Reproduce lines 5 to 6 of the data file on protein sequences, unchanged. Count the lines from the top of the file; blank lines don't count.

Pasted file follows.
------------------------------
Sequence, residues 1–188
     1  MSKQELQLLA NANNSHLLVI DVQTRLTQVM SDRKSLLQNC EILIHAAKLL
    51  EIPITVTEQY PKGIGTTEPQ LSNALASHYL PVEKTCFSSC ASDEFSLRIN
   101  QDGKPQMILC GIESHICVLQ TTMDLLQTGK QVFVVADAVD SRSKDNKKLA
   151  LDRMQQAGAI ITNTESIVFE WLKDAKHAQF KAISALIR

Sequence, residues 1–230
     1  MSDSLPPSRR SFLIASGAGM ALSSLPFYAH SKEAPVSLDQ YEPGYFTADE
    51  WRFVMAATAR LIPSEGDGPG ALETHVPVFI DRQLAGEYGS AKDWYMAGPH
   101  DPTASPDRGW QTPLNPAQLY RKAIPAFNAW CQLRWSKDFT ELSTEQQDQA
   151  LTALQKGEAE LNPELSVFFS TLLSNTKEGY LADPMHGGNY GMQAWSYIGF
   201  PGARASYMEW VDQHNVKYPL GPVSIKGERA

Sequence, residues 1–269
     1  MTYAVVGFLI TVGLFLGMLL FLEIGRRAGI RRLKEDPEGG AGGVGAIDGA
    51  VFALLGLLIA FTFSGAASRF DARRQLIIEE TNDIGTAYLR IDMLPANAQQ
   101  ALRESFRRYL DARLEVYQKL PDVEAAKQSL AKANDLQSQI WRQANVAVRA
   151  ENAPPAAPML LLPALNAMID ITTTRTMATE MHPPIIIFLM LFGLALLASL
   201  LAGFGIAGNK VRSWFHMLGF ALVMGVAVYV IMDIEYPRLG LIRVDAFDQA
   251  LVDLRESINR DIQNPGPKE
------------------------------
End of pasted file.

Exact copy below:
   151  LDRMQQAGAI ITNTESIVFE WLKDAKHAQF KAISALIR

Sequence, residues 1–230